This is a kind of inside-baseball question, I think. For the typical English speaker, theory means something like speculation. In more academic/research contexts, theories are the conceptual basis for the work we do: e.g., a theory of evolution. The OED provides this helpful definition that is closer to what I had in mind as a starting point:
An approach to the study of literature, the arts, and culture that incorporates concepts from disciplines such as philosophy, psychoanalysis, and the social sciences; esp. such an approach intended to challenge or provide an alternative to critical methods and interpretations that are established, traditional, and seen as arising from particular metaphysical or ideological assumptions.Oxford English Dictionary
Certainly when I was a grad student in the 90s, and perhaps still today, this is what was meant by Theory, often with some modifier: poststructuralist, feminist, Marxist, postcolonial, psychoanalytic, etc. Such is the way of things though that what once challenged establishment thinking goes on to become the established thinking only then to be challenged anew. One good turn deserves another, or something like that. And perhaps such is just the natural history of ideas. If so, you’d imagine this would have been going on for many generations, but not so much. Theory was an invention of the 1980s, even though it was built upon texts from the 60s and 70s. (The OED helpfully points to a 1982 reference as its earliest marker.)
Surely we can’t go on like this, can we?
For one thing, it’s a little confusing. Basically any even modestly complex task is going to have a conceptual basis, a theory. There’s a theory to baking. There are theories behind every exercise program. There are design theories, musical theories, and art theories that each provide a conceptual basis for a practice. Similarly there are theories of writing and rhetorical practice. But none of these are necessarily Theories, though they could be: a psychoanalytic theory of baking, a poststructural theory of art, a feminist theory of exercise, and so on.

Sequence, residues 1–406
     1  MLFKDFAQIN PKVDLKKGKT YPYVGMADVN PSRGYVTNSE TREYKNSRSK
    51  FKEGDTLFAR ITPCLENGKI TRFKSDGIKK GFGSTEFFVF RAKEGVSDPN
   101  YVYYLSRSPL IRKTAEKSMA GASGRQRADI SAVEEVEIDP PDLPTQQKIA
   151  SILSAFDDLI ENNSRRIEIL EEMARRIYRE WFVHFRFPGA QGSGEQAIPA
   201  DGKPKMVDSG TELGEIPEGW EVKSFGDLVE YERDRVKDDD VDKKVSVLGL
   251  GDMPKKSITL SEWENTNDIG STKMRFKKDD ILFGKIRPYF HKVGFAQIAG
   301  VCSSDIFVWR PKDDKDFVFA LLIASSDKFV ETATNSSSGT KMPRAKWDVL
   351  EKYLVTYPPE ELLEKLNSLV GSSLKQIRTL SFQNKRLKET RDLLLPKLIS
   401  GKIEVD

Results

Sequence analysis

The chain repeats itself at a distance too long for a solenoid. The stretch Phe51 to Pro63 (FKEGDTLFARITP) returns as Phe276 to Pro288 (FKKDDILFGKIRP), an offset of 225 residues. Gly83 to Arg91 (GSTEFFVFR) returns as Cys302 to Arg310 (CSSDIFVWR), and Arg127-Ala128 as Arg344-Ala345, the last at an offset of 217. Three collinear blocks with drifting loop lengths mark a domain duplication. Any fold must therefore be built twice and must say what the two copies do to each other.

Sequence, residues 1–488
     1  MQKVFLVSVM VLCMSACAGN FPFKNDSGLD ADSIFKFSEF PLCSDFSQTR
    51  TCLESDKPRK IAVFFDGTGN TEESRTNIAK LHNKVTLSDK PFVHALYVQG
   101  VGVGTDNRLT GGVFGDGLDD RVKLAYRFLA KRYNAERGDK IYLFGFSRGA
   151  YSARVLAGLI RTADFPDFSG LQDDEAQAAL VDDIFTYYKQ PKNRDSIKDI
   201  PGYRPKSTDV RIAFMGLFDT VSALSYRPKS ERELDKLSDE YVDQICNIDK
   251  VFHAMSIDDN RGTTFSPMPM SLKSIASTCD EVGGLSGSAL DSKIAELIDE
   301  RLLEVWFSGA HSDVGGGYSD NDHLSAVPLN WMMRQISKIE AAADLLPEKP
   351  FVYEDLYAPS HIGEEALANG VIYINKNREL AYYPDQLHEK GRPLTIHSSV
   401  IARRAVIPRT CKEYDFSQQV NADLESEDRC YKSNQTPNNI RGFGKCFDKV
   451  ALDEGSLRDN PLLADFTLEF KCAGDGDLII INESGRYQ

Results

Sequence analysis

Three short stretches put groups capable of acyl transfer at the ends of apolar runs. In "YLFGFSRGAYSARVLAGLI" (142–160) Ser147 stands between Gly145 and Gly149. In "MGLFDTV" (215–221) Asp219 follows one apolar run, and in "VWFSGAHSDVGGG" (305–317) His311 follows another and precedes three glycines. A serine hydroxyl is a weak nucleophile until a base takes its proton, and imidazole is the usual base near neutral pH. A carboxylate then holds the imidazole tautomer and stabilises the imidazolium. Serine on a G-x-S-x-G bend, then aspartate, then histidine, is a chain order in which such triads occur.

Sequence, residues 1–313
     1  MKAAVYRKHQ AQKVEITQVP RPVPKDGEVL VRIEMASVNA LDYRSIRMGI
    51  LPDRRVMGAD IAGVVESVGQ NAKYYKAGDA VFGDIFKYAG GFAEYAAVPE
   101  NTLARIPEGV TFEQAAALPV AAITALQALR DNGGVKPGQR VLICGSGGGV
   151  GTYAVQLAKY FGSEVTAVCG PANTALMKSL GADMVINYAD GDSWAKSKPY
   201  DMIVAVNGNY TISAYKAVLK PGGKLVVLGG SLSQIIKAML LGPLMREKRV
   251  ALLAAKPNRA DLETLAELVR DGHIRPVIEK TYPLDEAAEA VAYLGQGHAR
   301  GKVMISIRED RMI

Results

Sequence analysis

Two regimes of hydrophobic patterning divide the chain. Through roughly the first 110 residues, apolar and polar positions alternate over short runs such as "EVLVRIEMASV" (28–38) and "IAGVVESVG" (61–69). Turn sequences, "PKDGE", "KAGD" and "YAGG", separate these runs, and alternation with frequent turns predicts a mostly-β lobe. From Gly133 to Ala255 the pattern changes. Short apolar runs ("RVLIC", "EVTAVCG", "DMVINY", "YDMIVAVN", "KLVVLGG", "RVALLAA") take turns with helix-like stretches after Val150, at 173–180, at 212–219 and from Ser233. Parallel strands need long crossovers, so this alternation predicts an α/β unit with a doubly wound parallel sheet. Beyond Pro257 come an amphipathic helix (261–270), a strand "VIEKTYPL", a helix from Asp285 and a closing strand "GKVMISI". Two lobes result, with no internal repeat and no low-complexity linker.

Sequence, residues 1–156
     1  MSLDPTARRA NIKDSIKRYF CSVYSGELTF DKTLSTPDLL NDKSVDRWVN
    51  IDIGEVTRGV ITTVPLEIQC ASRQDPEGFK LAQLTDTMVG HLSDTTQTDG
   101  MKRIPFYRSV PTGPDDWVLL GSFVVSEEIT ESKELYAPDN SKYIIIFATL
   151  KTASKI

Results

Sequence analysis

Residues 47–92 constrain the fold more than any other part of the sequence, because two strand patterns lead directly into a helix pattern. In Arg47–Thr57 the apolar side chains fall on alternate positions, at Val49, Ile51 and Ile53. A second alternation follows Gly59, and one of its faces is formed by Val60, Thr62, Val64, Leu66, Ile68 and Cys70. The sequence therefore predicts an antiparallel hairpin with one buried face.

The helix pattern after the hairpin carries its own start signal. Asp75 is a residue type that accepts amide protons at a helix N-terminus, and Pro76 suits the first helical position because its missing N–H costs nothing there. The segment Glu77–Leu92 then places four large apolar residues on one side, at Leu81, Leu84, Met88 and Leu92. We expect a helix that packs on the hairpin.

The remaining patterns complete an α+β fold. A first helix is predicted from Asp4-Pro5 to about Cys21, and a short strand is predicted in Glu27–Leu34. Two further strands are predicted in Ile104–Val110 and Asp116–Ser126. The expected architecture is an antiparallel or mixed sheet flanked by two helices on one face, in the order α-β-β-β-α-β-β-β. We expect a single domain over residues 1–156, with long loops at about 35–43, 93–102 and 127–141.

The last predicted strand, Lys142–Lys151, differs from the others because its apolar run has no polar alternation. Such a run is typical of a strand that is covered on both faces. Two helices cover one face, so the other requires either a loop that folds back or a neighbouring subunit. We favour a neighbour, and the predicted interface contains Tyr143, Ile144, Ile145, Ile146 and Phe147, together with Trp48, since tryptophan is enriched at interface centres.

Having moved to Media Study, I find myself thinking particular about media theory. Of course there are media theories of the same variety as there are literary theories (literature being media after all). There are also social scientific media theories, which is a separate subject. If you google “media theory,” then you’ll probably encounter them first. But what of humanistic-philosophical media theories? McLuhan is an example, at least historically. Maybe the Frankfurt school and the culture industry, though perhaps that’s Marxism applied to media. Later, there is German media theory (e.g., Kittler) and media archeology. Without going into great depth, I’d say media archeology is a good example of a theory that is specific to the study of media (and of course, those other theories are laid upon it so that we get feminist media archeology and so on).
Of course there are a whole slew of different kinds of studies: software, platform, critical code, media infrastructure, video game, etc. I think of film/cinema studies and television and pop culture studies as separate, primarily because they have longer, pre-digital histories. Film studies produes film theories that are specific to the study of film. Film studies/theory aside, these other studies, in my view, describe specific objects of study rather than unique theories.
So what am I getting at? I guess I’m trying to figure out what it would mean to teach media theory. On the one hand it could like mean teaching Theory in the context of objects of media study. E.g., I could teach actor-network, assemblage and/or posthuman theories (not talking about teaching some broad intro course here); those are (or could be) media theories. On the other hand, I could teach scholarship in software studies or media infrastructure studies or some such. That would get you more insight into scholarship in the field and the use of various theories, but it wouldn’t really teach the theory directly. Both approaches are useful, and I could probably mix them up some how. Indeed many monographs and articles, including my own, aim to do both, so it’s hard to disentangle the theorization of media from the study of media.
Maybe it’s a moot question or maybe it’s the question that matters rather than the answer. Which is more at stake, the blackbird or the ways of looking? The world or how we see it? The classic idealist response is that there is an uncrossable void between the two. A different answer is that how we see the world is part of the world. Our sensations may be fleeting in material terms, but so are our lives on a cosmic scale. It doesn’t make them less real. From that perspective, theorizing (media or otherwise) adds to the world (rather than unveiling it, hermeneutically). Theory as method is theory as doing, as making.